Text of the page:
Open Shakespeare presented at NESTA Event
My trip to speak at a ‘digital day’ organised as part of the new ‘Digital Fund for Arts and Culture’ by NESTA (National Endowment for Science Technology and the Arts) was eye-opening, to say the least. I thought I’d put a few of my reflections, general and specific, down in this short post.
About halfway through the day I noticed that little had been said about social media: I mentioned twitter in my presentation about Open Shakespeare, but Facebook (even in a discussion devoted to ‘social media and user-generated content’) was largely absent. Thinking about why this might be, I imagine several reasons: first, a lack of understanding about quite how important facebook now is in internet usage; second, the absence of experience in managing a successful facebook-based fan network; and, in relation to this, third, the peculiar language of ‘likes’ and so on specific to Facebook, and the difficulty of communicating what may be an original artistic project in the standardised vocabulary of such a platform. For a more developed reflection about this point, do have a look at Patrick Hussey’s thoughts on ‘community managers’.
Although people weren’t talking about social media, they were talking about the annotator used on Open Shakespeare. Everyone was agreed that it would almost certainly grow very big, yet also that, before it did, a few things needed to be put in place, namely:
- Versioning: i.e. a freely annotatable text, from which annotations gradually moved to a more established version.
- Login: crucial to filtering annotations
- Tagging: for filtering; already in place, but needs to be simplified
If we want to extend the annotator beyond Shakespeare, and really increase its use, one delegate pointed out how well adapted science fiction would be to the tool. First, science fiction readers tend to be more tech savvy; second, science fiction (like fantasy) often teaches its readers about its world as they read, thus providing information for retrospective annotation without too much additional research (as opposed to Shakespeare, who often demands a grip of sixteenth/seventeenth century England); finally, perhaps one of the most famous science fiction writers of all time, H P Lovecraft, is almost completely in the public domain…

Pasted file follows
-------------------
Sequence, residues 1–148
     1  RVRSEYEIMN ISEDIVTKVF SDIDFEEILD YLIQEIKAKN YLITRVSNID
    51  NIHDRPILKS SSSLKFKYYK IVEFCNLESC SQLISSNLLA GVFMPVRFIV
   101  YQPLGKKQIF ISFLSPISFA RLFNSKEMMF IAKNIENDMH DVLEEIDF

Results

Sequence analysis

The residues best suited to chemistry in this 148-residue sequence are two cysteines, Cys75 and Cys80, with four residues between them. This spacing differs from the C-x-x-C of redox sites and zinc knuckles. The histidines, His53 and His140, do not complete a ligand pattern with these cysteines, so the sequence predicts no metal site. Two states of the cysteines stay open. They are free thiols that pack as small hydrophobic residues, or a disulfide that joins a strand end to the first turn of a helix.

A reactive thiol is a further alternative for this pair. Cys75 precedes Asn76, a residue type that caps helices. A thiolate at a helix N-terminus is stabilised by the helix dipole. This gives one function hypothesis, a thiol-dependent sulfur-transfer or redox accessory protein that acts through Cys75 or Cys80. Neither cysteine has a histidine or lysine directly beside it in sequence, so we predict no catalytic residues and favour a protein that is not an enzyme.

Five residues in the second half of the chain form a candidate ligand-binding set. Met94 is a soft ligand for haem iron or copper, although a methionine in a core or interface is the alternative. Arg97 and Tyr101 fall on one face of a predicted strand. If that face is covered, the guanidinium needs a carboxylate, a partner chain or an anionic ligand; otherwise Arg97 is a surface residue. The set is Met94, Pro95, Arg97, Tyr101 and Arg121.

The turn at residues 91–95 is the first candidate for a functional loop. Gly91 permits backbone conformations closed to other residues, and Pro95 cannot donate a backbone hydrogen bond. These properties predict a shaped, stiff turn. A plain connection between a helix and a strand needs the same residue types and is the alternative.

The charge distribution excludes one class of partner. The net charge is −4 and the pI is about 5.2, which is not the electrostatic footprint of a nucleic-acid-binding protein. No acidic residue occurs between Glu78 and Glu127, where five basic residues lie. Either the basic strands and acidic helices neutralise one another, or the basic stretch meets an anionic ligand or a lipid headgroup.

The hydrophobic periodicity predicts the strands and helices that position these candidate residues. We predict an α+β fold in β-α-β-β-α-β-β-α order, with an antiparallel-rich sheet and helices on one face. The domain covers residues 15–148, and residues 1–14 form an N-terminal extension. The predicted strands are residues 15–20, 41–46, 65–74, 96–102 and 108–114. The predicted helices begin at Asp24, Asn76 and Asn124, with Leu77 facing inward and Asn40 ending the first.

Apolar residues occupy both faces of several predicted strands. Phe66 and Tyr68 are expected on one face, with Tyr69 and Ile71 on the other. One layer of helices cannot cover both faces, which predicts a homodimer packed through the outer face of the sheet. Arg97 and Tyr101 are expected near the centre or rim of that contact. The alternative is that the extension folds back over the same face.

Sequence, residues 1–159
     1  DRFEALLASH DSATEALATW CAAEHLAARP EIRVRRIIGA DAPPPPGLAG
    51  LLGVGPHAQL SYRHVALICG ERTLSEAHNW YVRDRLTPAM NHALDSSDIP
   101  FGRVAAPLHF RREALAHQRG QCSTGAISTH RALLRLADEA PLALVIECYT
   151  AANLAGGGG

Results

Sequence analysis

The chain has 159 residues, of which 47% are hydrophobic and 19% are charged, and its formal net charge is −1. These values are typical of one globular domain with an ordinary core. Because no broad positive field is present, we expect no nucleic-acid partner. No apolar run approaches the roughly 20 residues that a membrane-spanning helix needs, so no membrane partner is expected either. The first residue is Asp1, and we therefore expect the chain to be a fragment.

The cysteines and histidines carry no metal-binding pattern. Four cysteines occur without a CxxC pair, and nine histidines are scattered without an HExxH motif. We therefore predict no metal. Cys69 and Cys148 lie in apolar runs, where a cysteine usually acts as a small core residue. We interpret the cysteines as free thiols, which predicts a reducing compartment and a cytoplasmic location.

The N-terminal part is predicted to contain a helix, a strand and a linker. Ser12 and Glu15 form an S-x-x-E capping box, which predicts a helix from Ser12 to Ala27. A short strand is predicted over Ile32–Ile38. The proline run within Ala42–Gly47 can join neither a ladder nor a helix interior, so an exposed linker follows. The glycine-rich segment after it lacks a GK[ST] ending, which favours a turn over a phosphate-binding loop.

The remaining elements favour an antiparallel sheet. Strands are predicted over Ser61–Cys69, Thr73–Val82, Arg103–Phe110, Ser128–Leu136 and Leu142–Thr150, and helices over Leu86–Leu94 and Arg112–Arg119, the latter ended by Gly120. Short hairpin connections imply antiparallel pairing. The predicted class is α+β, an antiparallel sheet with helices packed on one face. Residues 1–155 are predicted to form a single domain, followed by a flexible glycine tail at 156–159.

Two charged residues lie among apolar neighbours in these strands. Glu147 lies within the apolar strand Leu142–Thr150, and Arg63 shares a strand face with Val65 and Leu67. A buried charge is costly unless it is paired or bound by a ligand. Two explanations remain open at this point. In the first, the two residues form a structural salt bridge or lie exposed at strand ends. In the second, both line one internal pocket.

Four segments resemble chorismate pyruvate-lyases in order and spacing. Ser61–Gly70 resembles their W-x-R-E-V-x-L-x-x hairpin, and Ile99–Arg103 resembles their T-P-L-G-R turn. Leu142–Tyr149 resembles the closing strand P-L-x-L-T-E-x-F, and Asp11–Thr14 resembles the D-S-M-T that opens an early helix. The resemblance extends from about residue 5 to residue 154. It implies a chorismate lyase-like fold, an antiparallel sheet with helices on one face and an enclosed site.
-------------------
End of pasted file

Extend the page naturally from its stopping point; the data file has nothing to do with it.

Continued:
Last but not least in this rag-tag post, a point about some of the other things I heard during the day. Andrew Nairne, Director of the Arts at the Arts Council, spoke about how £20m had been allocated for digital/artistic collaborations, for which the NESTA scheme serves as a pilot. He spoke of “digital” as an “operating context” (so both a context in which to operate, and one, I presume, that operates upon the content delivered through it), yet also underlined the ability of technology to serve the arts, “accelerating and enhancing”. Last but not least, he and several others, pointed to the utility of adopting a “gaming” model for online art, partly, I feel, in an effort to overcome one of the many instinctive fears of arts organisations, whose presence resounded through the beautifully modern NESTA suite from time to time throughout the day.